Nick and Nora do get a couple of nice scenes together, like when Nick is reclining in a hammock in his parents’ front lawn, wearing his Sycamore Springs High School shirt and reading Nick Carter: Detective. The couple also shares some of that trademark banter we’ve come to expect, such as this exchange:

Nick: "A couple of weeks on this cider and I'll be a new man."

Nora: "I sort of like the old one."

Nick: "Why, darling, that's the nicest thing you've said to me since the time I got my head caught in that cuspidor at the Waldorf."

There's another bit that is reminiscent of earlier Thin Man efforts, like when Nick maroons Nora at the local dance with an overzealous sailor, who proceeds to dance with her and flipping her around like she were a pair of nunchakus! It looks to be a Myrna Loy stunt double in most of it, but William Powell's facial expression when he sees his poor wife whirling like a top is quite amusing.

The supporting cast is dependable, and there are several familiar faces, though they—particularly the men--get little more to do than act guilty or stupid. The art dealer, Willie Crump (Donald Meek), is a slow-witted dope; his inability to comprehend even the most basic of expressions makes me wonder how manages to wake up on his own every morning. Too bad there wasn’t enough murder to go around to include him! He plays his role to perfection, I’ll give him that.

Gloria DeHaven is this movie’s lovely. She plays melodramatic drama student and ingénue Laura Ronson who amuses with her artsy pretensions and airy voice. She’s quite the beauty and was a mere teenager when Goes Home was made. DeHaven plays her part with such aplomb that when I first saw this movie, I hoped that she wasn’t the killer! She’s likable, funny, and all-too underused here; I’d like to see more of her movies. DeHaven is also quite the fashion plate, a most-welcome sight because Nora dresses in some truly horrific outfits. What was the deal with the overabundance of fabric in the 1940s, anyway? Was it a reaction to the streamlined look of the 1930s? Whatever the reason may be, Joan Crawford and her eyebrows would thrive a few years longer because of it.

Anne Revere as “Crazy Mary” Revere was nearing the peak of her career when she appeared here. She would continue to build on this, appearing in a fantastic run of roles: National Velvet (1944); Fallen Angel (1945), Dragonwyck (1946); Body & Soul; Gentleman’s Agreement (1947). Revere’s film career was stomped out after she was blacklisted in 1951. She would not appear in any film for the next twenty years; I’m sure not a day went by that she didn’t mention HUAC in her nightly prayers.

Believe it or not, The Thin Man Goes Home is the sequel that wins my personal “Most Improved” award! It used to be my least favorite of the series, but there’s enough of Nick and Nora’s still-great rapport (minus the spanking scene) coupled with the welcome absence of Nick, Jr. that acquits the film of any previous charges I leveled against it. Seeing Nick’s hometown reminds me of what a poor fit he was for the place but the glimpse into Nick’s long-ago drives the point home about how much more suited he is in his usual New York City and San Francisco stomping grounds.

There's No Place Like Sycamore Springs: I doubt Nick would ever call it "Home."


  1. An element of the series that is awkwardly kept alive in Goes Home is the inclusion of Brogan (Edward Brophy; who had a role in the first film) who was “sent up the river” by Nick but is now out of stir and a traveling postcard salesman. He sticks around in this film, being found by Nick in the bushes—twice--doing God-knows-what. I’m not sure if there was a crude joke intended or whether standing in the bushes was a short-lived national fad, but it’s bizarre.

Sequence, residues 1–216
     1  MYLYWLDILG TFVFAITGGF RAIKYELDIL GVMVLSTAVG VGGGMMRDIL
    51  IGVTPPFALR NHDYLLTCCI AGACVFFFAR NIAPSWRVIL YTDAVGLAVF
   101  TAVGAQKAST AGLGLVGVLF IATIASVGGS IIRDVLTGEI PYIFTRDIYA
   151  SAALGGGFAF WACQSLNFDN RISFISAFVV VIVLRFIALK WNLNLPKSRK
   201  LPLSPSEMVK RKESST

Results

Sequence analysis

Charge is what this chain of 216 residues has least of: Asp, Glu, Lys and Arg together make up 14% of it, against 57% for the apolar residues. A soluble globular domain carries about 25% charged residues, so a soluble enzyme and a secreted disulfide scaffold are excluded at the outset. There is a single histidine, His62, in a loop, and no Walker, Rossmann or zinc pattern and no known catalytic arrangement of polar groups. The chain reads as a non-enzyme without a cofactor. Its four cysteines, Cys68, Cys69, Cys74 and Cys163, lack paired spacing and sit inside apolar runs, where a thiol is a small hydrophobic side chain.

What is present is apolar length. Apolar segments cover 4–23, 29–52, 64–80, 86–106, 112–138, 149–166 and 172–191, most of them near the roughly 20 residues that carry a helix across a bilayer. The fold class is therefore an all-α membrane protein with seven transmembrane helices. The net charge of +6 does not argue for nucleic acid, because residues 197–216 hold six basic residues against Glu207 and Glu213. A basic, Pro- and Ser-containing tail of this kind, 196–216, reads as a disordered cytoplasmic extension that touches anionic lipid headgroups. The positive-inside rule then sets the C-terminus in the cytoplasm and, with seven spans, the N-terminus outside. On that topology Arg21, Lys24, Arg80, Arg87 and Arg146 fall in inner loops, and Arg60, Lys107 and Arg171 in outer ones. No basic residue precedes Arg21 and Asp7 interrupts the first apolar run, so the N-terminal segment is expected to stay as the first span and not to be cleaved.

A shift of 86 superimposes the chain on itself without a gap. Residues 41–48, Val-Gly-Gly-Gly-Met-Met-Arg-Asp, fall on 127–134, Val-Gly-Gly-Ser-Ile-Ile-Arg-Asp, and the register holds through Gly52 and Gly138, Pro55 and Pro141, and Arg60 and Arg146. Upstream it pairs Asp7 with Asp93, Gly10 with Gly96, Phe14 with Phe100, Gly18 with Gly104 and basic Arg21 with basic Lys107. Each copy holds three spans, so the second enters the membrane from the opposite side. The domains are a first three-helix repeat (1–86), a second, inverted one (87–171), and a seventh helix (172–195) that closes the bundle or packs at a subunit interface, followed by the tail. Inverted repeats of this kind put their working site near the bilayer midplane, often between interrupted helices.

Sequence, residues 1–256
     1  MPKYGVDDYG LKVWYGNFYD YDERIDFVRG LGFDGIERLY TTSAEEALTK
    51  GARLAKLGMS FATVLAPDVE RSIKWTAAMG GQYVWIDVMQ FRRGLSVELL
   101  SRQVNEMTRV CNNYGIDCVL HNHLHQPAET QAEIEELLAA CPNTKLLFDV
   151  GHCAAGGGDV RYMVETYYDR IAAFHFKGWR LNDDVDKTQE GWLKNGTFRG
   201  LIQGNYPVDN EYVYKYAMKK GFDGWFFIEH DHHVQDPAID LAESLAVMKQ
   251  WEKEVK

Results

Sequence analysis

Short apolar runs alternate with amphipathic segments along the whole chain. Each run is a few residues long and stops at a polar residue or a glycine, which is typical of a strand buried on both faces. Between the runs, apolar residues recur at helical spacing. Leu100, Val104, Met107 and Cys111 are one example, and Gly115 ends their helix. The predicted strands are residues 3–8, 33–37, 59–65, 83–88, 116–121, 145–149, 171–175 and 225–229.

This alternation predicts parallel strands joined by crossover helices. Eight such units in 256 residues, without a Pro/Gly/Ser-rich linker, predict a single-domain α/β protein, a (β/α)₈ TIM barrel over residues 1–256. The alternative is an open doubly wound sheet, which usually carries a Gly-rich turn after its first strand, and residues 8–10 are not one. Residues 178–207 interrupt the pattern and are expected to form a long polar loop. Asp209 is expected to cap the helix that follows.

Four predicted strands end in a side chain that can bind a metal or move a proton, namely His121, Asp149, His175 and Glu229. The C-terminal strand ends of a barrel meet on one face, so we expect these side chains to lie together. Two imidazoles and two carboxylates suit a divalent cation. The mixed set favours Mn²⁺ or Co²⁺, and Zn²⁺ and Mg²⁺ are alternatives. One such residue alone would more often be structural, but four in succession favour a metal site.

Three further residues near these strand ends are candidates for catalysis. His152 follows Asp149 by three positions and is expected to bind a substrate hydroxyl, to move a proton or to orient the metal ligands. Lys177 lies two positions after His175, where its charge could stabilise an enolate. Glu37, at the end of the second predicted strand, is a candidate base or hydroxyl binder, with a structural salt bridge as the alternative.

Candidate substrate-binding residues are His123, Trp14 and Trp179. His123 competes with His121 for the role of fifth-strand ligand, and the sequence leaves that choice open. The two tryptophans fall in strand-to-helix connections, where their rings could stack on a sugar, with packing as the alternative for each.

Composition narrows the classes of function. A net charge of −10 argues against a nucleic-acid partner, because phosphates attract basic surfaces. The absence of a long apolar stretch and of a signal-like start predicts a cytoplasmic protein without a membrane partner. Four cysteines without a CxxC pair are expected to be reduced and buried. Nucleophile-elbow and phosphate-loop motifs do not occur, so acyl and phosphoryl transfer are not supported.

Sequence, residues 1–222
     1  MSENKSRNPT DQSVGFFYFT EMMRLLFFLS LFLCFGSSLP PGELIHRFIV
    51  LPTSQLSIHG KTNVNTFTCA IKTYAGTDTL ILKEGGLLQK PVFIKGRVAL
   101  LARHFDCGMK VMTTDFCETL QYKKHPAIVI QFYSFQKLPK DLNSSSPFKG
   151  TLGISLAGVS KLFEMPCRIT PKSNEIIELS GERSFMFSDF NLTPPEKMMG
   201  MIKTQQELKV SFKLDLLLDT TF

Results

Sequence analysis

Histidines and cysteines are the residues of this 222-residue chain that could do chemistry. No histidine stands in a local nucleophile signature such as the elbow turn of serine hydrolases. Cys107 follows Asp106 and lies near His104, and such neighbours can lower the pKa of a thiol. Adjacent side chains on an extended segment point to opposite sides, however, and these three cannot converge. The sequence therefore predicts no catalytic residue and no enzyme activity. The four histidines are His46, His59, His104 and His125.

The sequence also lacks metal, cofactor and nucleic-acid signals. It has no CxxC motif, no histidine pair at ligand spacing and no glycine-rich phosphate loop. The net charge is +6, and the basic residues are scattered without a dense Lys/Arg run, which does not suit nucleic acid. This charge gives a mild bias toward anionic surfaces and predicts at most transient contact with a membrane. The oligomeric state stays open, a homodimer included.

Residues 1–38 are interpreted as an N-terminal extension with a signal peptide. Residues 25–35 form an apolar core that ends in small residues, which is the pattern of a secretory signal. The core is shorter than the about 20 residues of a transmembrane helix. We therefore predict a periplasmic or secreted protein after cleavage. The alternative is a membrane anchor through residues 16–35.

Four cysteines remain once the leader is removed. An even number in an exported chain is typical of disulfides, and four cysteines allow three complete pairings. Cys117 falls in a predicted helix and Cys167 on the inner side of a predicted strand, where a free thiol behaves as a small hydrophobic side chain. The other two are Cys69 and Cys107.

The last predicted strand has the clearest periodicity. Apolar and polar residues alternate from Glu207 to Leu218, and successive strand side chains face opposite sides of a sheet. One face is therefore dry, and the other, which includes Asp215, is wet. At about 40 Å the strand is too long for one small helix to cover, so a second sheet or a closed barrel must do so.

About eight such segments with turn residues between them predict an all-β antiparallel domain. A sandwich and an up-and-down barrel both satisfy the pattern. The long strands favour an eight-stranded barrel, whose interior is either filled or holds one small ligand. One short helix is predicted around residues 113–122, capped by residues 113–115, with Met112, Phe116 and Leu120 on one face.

wwatched this one again over the summer. I actually thought the scenes with Brophy were amusing. Maybe because he was a familiar face from the first one. But I found what you wrote at the end even more hilarious.

  2. Anne Revere won her Suppporting Oscar for National Velvet, not Gentleman's Agreement. That was Celeste Holm.

  3. Didi: Glad I could amuse you! :)

    BF: Thanks for catching my error; I actually knew that! (note to self: proofread) :o

  4. Definitely not one of my favorites of the franchise. This film is actually one of the them that I've only seen once. Have a great week. Cheers!

  5. Wow, you are really THE MAN when it comes to reviews! Even if I was to have the complete opposite opinion of yours I would still laugh and read every word.

    I have the Thin Man Box myself, but I still haven't seen the last two films. I don't know why, but I guess I am to afraid of being disappointed. After all, the second film is not nearly as good as the first one! But I really liked The Shadow of the Thin Man, so maybe I should get going and see the rest!

    I can't believe why the studios chose to give Nick and Nora a child, and rob them from their characteristic everyday drinks! You can't mess too much with lovable character like them, it's inexcusable!

    About the overabundance of fabric, I've read a lot about women's fashion in the 1920's. In the 1930's it became modern with longer skirts, since the Depression made it a luxury. I bet it was the same thing with the WWII years - people couldn't afford too extravagant things, and therefore fashion with way too much fabric became popular. But this is just my own ideas, I have nothing to back it up with except for my 1920's and 1930's research!

  6. CK if possible could you shoot me an email re: a blog matter. My email address is on my profile page. Thanks so much.

  7. I'm enjoying your writings about the Thin Man series. This movie startled me when I first saw its version of Nick's parents, because in the book, Nick and Nora talk to Dorothy:

    "You like Nick a lot, don't you Nora?"

    "He's an old Greek fool, but I'm used to him."

    "Charles isn't a Greek name."

    "It's Charalambides," I explained. "When the old
    man came over, the mugg that put him through Ellis Island said Charalambides was too long ... and whittled it down to Charles.